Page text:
• It takes a long time to make a finished piece with skeins thus making it all very expensive. Skeining a small bedroom chair seat would need about 200 skeins, which took about five or six hours to make using the three specialist hand tools. These are the cleave, the shave and the upright and no one is now making good shaves and uprights that are good enough and easily available. They can be obtained from Europe with the right contacts but are expensive. Old tools can be found occasionally and can be a delight to use once cleaned and reset.
  • Skeining for both basketry and seating has probably always been quite a niche occupation and only used for high-end products.

 

Support organisations

  • Basketmakers’ Association
  • Museum of English Rural Life

 

Craftspeople currently known

Individual craftspeople:

  • Mary Butcher – seating and baskets but more or less retired
  • Bunty Ball – seating and panels
  • Sally Goymer – French basketry
  • Rachel South – professional seating
  • Anita Vocik – professional seating
  • Katharine Woodward – a professional basketmaker using skeins for occasional seating and basket siding
  • Monica Cass – professional seating
  • Melissa Shinnie – chair seating trainee

 

Other information

Status: The Basketmakers’ Association list around 30 members who offer willow seating but there is no differentiation between those working in skein or whole willow seating. It is likely that many of these only work very occasionally in willow skein as the chairs are rare and only occasionally come in for restoration.

Skeined willow basketry is critically endangered with very few skilled makers. There are more people offering seating but this is still a niche craft skill.

Examples of skein work: Many fine examples can be seen in the Museum in Michelau, Bavaria, Germany. This is near the German School of Basketmaking where they have taught a full year of skeined work, a quarter of the course, to full-time basketry students for many years but no longer. The finest skeined work professionals in Europe have completed this course. Esmé Hofman, of the Netherlands and a former student of Herr Pop at the German school, is one of the finest designers and makers in the world using skeins. Her work can be seen in high-end designer fashion houses, art galleries and exhibitions across Europe.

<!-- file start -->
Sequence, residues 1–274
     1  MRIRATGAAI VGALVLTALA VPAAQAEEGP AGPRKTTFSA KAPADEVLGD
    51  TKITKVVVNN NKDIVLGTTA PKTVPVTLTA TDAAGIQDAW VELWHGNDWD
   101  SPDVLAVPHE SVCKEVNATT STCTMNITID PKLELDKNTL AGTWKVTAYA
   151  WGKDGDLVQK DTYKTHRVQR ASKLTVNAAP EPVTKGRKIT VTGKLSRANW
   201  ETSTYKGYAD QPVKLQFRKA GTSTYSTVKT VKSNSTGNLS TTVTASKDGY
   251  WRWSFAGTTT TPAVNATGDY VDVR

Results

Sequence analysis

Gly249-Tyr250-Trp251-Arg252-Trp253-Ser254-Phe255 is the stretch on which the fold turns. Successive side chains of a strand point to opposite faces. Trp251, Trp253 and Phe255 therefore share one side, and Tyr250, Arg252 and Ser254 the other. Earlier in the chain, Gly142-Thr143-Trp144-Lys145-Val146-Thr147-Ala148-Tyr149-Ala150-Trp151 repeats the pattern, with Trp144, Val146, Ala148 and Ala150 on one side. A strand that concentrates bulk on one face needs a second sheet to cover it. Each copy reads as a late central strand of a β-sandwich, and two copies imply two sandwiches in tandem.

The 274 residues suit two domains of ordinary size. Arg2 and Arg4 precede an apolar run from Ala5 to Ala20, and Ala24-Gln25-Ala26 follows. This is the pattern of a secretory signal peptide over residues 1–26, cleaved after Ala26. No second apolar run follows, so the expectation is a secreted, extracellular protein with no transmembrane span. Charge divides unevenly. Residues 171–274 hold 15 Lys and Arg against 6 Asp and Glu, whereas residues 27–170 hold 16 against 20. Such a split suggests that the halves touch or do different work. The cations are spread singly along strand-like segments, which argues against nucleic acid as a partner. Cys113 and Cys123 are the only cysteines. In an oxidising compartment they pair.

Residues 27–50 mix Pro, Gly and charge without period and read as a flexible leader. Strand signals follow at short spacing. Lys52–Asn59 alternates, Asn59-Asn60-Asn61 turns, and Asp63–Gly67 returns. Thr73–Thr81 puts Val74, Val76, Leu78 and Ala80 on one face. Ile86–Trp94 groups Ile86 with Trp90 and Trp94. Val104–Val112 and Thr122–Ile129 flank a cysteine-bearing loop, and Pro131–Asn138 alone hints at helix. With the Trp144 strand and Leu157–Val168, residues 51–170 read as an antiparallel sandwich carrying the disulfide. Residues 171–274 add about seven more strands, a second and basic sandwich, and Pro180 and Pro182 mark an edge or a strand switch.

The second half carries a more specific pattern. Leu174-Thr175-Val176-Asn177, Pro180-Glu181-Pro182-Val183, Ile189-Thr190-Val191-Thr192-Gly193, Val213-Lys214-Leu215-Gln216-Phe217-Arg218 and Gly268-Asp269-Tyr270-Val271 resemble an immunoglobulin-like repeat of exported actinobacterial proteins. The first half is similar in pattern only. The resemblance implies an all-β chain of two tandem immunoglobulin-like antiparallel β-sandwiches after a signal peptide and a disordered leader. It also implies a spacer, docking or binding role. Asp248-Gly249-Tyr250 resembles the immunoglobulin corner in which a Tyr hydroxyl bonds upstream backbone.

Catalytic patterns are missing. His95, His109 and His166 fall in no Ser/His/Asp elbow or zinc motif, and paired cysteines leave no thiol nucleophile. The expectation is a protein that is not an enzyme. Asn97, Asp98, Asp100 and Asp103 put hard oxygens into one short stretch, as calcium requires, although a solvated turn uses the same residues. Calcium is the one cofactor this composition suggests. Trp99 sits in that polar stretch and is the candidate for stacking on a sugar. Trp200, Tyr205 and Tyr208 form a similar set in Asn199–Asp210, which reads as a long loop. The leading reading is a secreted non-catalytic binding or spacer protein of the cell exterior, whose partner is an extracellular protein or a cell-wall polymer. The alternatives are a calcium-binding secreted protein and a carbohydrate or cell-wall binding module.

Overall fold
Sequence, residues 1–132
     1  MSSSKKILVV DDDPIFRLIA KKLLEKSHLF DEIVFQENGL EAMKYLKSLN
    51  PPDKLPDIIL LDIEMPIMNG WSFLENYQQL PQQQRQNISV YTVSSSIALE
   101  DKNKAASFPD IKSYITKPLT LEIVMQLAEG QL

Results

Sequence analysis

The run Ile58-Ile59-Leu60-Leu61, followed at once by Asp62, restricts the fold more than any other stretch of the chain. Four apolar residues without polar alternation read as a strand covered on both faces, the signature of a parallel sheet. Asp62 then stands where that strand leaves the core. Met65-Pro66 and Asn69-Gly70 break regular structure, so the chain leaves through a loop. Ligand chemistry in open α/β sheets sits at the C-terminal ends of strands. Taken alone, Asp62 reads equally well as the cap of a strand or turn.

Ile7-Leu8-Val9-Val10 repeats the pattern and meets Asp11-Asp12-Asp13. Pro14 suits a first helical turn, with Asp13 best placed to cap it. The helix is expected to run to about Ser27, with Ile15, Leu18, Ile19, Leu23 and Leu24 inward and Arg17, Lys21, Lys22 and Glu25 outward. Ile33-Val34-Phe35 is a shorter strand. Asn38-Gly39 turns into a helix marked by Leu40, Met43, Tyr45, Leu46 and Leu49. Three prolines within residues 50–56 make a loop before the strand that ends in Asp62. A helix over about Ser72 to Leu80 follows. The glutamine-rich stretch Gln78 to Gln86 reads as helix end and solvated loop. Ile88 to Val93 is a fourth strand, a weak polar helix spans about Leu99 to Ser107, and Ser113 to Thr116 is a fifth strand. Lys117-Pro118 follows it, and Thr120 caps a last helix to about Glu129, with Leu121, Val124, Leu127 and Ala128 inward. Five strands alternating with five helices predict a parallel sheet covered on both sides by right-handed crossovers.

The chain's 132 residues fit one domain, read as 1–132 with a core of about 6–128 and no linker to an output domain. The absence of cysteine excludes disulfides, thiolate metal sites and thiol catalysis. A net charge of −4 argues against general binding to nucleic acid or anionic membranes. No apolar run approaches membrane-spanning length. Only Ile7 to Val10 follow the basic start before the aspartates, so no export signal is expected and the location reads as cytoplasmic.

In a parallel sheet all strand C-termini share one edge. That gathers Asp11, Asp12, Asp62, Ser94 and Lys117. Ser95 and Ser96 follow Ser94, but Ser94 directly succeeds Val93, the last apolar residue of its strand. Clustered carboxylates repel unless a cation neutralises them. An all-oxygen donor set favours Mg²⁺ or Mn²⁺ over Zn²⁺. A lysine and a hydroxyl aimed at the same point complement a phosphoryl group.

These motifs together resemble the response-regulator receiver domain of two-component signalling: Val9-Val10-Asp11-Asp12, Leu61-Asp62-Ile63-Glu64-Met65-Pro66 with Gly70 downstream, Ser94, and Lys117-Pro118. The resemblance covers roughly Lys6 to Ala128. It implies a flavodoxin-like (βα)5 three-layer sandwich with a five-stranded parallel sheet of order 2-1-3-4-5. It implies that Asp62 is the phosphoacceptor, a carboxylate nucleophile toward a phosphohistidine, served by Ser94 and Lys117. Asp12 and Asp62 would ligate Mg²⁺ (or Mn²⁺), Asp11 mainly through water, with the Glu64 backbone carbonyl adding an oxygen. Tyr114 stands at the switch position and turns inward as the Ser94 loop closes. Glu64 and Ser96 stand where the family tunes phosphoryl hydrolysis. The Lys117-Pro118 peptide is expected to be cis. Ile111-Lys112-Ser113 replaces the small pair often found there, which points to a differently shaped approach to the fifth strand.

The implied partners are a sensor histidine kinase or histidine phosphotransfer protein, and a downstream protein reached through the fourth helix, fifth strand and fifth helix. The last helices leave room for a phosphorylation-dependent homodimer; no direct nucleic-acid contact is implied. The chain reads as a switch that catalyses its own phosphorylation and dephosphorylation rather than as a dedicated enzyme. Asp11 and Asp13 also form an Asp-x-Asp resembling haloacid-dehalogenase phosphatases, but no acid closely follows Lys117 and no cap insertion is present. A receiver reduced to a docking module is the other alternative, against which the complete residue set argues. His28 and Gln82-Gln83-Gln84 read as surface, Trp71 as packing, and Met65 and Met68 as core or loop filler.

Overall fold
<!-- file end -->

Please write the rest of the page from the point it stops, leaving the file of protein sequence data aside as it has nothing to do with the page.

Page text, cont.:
In France, Musée de La Thiérache, Vervins, may have a collection of skeined work baskets. From the 1880s until well into the 20th century, large factories employed many making skeined baskets in variety, for sale all over Europe. They were available in the UK through the large catalogues of The Army and Navy Stores, Harrods and elsewhere. This was large-scale production, much of it very fine work but some designed to be cheaper, with wider skeins and less fine weaving. This was probably supplanted by exports from China, often work at the less skilled end of production, pieces for a mass market. They may have had a specialist fine market in China but that is not confirmed.

There is a fine tradition of skeined work in Latvia now, created in the 1970s by groups of basketmakers working together and teaching very high levels of skill to produce fine baskets with lids and intricate patterns and decoration, the highest quality work and commanding high prices. These groups also make small, fine frame baskets woven with skeins. All these are baskets of the highest quality.

 

References

  • Dushesne, R, Ferrand, H, and Thomas, J, (1982 and other editions) La Vannerie l’Osier
  • Wright, Dorothy, (1959 and subsequent editions) The Complete Book of Baskets and Basketry (David & Charles)
  • Michelau Museum catalogue, available from the Museum
  • Goymer, Sally, and Gabriel, Sue, The Complete Book of Basketry Techniques (David & Charles)
  • Johnson, Kay, Elton Barratt, Olivia, and Butcher, Mary, Chairseating Book. Techniques in Cane, Rush, Willow and Cords